Gov. Scott Walker’s administration dropped the permits required for protesting groups in the Capitol Tuesday after the American Civil Liberties Union sued the administration in January.
Under the settlement, the Department of Administration will allow five days of demonstration if protesters give the DOA a two-day notification. The department will also keep its permitting process in place but will not require permits to hold protests.
The DOA’s permit process originally came under fire after citizen arrests become commonplace at the daily Solidarity Singer demonstrations held in the rotunda.
Groups of 12 or fewer people will not need to obtain a permit or provide notification to express freedom of speech in the Capitol, and groups of 12 or more participants can opt to give notice instead of applying for a permit. The process of giving notice requires two business days of processing and then is valid for five cumulative days.
Although DOA Secretary Mike Huebsch said the permitting process had been upheld as constitutional multiple times and the process has been part of the state administrative code since 1979, he said in a statement that the department and the ACLU came to a settlement to avoid trial expenses and time.
University of Wisconsin professor Michael Kissick and the ACLU of Wisconsin sued the DOA for violating the First Amendment after Kissick was involved in Solidarity Singalong protests.
“I think this is a balance and a compromise,” Steven Porter, the attorney who filed on behalf of Kissick and the ACLU, said. “It balances First Amendment free speech rights against legitimate government administrative interests in a way that is first of all unique in compared to any other public facility or capitol building in the country.”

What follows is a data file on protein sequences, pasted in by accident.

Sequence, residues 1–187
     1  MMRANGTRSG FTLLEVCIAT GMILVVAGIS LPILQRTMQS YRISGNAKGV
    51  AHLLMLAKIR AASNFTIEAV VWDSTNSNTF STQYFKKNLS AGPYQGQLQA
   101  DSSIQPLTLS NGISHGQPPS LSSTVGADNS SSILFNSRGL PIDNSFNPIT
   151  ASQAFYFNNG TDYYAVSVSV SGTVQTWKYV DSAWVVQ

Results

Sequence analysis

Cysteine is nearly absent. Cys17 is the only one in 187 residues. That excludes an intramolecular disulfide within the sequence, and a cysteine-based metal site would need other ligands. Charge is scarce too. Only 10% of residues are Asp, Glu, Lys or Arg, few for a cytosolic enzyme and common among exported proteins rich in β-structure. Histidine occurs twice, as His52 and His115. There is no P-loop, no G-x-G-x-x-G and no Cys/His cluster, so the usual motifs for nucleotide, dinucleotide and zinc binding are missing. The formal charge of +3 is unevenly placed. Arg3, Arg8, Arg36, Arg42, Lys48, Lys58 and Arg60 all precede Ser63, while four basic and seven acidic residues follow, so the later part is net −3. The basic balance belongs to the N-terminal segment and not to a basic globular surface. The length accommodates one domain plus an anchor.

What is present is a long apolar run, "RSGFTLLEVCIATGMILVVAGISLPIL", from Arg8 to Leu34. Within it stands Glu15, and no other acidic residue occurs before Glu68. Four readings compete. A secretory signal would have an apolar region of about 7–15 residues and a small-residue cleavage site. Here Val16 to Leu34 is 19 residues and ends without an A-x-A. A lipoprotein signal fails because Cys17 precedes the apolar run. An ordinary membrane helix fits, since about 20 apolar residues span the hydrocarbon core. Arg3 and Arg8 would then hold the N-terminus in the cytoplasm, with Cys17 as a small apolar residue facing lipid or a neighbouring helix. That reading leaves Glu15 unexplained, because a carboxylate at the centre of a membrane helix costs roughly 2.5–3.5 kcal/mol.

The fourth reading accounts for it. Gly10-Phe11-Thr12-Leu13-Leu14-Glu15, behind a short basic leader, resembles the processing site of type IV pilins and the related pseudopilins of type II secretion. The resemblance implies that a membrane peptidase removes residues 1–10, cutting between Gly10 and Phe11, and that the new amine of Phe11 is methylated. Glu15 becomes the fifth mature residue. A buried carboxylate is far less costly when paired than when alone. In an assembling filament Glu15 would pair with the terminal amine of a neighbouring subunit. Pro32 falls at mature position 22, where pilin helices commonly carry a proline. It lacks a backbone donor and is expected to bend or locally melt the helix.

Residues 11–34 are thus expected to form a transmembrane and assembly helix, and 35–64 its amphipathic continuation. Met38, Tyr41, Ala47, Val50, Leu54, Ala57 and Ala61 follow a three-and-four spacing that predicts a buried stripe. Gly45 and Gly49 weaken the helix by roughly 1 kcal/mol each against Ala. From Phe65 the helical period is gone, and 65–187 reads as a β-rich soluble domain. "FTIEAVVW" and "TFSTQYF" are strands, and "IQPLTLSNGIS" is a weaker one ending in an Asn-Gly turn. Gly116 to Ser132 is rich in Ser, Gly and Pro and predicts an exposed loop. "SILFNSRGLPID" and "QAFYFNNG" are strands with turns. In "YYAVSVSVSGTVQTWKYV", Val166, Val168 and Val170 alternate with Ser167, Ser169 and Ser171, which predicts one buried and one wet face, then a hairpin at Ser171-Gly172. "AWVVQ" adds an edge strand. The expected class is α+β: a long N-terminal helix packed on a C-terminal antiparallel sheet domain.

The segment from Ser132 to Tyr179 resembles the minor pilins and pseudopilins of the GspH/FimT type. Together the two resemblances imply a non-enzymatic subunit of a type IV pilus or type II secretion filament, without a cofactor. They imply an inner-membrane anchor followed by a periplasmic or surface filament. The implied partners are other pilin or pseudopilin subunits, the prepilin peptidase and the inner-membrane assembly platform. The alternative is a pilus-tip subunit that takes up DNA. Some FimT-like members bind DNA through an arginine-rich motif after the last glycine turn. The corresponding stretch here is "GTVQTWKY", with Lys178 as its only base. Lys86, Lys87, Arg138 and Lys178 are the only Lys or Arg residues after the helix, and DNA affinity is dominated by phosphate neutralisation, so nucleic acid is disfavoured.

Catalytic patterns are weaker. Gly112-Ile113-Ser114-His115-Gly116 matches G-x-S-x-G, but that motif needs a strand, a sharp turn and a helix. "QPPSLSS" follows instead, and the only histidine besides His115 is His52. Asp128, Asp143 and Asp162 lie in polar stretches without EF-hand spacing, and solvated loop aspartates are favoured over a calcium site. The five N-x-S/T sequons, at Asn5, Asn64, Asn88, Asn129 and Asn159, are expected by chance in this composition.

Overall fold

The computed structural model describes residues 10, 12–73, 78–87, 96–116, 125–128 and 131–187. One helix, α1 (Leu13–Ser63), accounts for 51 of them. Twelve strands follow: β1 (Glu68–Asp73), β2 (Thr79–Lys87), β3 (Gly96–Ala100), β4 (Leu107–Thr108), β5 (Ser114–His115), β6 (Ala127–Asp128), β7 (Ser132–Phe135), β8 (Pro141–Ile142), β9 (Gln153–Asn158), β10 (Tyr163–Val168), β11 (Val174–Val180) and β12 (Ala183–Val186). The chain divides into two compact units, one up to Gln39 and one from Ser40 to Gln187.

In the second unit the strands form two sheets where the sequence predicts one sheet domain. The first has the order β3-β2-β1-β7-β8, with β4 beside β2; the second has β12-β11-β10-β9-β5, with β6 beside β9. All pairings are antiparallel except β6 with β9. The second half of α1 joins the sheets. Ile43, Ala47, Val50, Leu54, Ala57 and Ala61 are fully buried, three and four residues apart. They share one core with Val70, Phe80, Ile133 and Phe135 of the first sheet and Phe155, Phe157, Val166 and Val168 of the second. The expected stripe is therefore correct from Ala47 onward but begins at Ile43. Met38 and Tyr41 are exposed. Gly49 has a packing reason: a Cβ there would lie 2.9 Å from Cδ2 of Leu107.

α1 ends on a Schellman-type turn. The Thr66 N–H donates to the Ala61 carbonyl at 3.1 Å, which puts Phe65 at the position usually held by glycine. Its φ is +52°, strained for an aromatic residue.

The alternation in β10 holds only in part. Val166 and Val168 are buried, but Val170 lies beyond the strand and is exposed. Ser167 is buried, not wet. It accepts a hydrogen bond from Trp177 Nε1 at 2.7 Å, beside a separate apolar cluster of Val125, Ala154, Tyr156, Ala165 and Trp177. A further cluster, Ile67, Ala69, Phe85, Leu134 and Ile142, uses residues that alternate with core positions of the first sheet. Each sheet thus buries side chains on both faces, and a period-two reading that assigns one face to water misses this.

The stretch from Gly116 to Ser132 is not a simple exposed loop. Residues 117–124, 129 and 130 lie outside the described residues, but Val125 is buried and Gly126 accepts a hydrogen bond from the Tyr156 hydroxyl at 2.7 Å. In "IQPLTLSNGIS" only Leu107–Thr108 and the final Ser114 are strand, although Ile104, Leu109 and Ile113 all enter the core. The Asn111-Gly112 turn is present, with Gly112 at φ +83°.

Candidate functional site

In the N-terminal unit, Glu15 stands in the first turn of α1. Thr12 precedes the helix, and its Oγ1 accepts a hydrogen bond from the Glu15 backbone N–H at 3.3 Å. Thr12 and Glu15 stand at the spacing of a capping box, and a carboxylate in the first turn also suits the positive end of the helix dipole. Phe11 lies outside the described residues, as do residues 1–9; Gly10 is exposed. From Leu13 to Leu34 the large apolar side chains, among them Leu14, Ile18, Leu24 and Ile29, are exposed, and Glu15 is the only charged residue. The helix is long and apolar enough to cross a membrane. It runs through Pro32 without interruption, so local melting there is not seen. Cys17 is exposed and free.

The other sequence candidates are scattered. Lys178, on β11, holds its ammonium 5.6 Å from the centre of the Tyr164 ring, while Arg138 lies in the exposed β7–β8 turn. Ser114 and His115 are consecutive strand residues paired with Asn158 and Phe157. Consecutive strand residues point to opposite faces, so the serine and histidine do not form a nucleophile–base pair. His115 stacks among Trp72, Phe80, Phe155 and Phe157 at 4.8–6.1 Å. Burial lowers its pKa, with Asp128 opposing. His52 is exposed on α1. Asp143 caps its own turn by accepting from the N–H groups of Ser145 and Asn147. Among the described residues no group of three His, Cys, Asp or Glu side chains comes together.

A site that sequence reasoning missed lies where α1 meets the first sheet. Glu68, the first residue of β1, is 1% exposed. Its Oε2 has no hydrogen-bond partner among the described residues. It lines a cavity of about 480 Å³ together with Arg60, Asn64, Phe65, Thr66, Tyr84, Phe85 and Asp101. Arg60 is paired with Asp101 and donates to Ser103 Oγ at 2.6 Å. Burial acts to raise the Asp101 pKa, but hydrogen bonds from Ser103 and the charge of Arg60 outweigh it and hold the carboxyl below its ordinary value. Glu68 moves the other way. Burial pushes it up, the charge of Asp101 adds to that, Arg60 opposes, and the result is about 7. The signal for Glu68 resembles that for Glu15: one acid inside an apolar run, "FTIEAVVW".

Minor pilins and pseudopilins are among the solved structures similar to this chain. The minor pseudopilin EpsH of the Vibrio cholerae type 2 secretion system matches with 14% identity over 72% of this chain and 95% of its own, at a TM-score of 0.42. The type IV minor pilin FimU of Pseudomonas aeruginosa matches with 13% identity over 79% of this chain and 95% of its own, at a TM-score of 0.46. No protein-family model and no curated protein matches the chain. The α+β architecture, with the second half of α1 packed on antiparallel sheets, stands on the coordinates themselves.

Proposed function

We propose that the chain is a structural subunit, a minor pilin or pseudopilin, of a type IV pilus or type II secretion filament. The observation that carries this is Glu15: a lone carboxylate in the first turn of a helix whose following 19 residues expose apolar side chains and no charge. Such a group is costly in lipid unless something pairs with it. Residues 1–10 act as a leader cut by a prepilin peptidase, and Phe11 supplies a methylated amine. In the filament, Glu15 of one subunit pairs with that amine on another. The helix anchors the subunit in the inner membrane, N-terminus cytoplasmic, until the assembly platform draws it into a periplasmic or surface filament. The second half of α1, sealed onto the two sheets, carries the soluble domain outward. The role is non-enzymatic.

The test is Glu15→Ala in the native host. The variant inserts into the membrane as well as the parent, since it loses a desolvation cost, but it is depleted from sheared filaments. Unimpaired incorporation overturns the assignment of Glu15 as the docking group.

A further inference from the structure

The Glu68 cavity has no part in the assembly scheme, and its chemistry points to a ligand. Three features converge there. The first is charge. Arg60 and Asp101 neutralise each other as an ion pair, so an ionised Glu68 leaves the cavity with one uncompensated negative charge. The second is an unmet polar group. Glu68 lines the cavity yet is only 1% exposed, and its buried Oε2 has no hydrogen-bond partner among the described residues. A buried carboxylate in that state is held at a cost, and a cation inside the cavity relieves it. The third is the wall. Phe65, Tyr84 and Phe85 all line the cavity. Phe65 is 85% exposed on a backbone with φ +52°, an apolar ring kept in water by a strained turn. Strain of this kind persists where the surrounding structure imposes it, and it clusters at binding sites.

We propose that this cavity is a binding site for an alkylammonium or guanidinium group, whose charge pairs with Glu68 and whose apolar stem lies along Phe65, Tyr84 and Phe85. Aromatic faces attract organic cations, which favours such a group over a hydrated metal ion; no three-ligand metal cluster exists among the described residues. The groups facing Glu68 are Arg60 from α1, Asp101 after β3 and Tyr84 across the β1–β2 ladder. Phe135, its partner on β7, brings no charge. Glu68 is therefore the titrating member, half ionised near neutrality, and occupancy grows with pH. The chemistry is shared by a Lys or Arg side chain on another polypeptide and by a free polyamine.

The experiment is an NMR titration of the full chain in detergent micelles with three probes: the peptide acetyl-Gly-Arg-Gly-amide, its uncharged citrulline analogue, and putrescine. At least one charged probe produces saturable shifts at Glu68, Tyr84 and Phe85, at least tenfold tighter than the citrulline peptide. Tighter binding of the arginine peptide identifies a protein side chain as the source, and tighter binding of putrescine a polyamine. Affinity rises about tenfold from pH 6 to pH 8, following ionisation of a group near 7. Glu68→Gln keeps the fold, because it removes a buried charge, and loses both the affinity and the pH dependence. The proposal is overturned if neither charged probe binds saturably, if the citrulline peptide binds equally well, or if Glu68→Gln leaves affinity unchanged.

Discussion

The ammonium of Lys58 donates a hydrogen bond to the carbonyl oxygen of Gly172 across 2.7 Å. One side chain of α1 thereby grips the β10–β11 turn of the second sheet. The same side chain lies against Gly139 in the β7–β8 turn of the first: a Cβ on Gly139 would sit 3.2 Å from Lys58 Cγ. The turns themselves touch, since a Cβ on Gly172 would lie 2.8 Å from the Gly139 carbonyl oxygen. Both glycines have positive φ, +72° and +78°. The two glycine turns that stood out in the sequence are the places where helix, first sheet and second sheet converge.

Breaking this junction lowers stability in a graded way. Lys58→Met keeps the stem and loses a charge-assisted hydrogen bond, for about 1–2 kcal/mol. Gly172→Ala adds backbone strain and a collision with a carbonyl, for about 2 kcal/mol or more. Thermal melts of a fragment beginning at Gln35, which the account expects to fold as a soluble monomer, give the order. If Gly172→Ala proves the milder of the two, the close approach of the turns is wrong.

Porter added the settlement is innovative and is in accordance with what the spirit of the state Capitol should be.
Porter said he was “pleasantly surprised” at the result of the lawsuit since he had anticipated a much longer trial that could have extended until January 2014.
However, without a settlement, it was unlikely that any meaningful progress would have been made, Porter added.
“All the judge really could have done was to strike down the existing the policies and this judge would not have rewritten them,” Porter said. “The point is that if the judge thought the policies were unconstitutional and all he could do was strike him down that would really not serve us well because then the DOA would be in the position of promulgating new rules and then we would probably be back in the same position having to challenge those rules.”
Rep. Melissa Sargent, D-Madison, who was arrested in 2011 after her children held signs during a protest, said while the settlement is a move in the right direction, she still has questions on the rules for groups of 12 people.
“Where does 12 come from?” Sargent said. “I have six people in my family, and if I were to join another family and someone has a button on, or wearing a t-shirt, or holding a sign, would that open us up [to citations]? I’m not sure.”
The DOA declined to comment outside of their statement. Calls to Huebsch were not returned.
Calls and emails to Walker’s office were not returned.